The Great Man's writing room as he left it, much like Hemingway's except in this case he wrote sitting down.
In that very Adirondack chair.
It is well known supposedly that Faulkner wrote out his plots on the walls. This was his last effort:
His mother painted his portrait and his wife painted watercolors. She ended up with her own bedroom which finally got air conditioning the story goes, the afternoon of her husband's funeral. Faulkner did not approve of unnatural cool air.
Estelle's room with easel.
It doesn't seem like a bad job being a docent/guardian at the house.
The house has a very sober, unremarkable air. It's a nice house with a fireplace in every room, dark colors, thick carpets and bourgeois comfort at very turn. I think of Hemingway's place in Key West, still littered with all those souvenirs of travels, of life lived large. What a contrast.
Outside the grounds were perfectly kept, trees, shrubs, lawns , paths and ....a fire hydrant? Unlike the stereotype my dog didn't pee on it. Maybe because she's a girl. I really like how Cheyenne feels no compunction to mark her turf.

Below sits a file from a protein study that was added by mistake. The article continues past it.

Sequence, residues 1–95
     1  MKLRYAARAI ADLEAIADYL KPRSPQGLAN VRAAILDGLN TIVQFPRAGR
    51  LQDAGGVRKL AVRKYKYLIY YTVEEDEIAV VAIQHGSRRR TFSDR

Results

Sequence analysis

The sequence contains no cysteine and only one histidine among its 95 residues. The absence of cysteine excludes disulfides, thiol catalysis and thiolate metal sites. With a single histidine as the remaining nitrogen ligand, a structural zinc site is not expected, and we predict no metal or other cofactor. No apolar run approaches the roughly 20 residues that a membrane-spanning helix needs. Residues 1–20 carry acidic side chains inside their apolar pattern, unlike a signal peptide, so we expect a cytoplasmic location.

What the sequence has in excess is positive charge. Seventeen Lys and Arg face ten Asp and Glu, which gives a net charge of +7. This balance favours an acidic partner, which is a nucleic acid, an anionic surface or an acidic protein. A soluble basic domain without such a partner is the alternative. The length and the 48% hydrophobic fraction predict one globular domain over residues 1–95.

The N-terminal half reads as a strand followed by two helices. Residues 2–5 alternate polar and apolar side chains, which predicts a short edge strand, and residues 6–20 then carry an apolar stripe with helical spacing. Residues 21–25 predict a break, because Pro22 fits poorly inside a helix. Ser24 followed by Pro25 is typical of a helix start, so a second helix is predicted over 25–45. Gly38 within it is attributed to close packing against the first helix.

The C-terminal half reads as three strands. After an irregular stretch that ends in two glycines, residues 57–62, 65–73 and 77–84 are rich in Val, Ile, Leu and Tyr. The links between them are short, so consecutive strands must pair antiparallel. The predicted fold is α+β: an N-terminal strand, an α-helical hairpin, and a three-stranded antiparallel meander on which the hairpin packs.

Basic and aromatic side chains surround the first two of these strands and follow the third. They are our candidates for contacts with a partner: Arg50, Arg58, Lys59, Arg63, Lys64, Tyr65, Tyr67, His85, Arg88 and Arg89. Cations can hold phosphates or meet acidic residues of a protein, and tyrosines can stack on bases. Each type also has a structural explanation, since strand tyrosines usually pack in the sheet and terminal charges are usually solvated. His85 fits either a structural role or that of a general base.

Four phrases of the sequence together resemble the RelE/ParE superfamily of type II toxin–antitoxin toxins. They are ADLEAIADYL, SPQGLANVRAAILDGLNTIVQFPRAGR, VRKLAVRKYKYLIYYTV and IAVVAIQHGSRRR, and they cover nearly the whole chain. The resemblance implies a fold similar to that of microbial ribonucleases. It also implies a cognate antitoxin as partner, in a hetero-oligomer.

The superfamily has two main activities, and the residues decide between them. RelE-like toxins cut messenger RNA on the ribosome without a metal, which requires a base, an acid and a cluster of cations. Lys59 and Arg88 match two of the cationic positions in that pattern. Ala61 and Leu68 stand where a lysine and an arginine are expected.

The docent said she was welcome to hang out outside so I retrieved her from the car and, as placidly as ever she wandered the grounds checking this and that.
Apparently Faulkner was quite the handy man and he had a smokehouse...
...and he also indulged in carpentry...
...and had a nanny who lived in her own home on the grounds.
Faulkner may not have approved of air conditioning but nowadays there is a tank-sized unit on the grounds pumping air. Cheyenne could have used some!
The cow barn was rebuilt using original woods and Faulkner used to get his milk from the animal.
My wife spotted this "Faulkner cat" on the grounds, as she called it.
The horse stable and paddock. Apparently Faulkner loved to ride, too bad it was quadrupeds and not motorcycles, but there we are.
Part of Faulkner's purchase was these woods next to his house. Nowadays they constitute a rather pleasant woodland park for public use.
Cheyenne followed me reluctantly, tired as she was she refused to get in the car and wait with my wife, but her torture was cut off early by the heavy wet sounds of raindrops crashing on the leaves above us.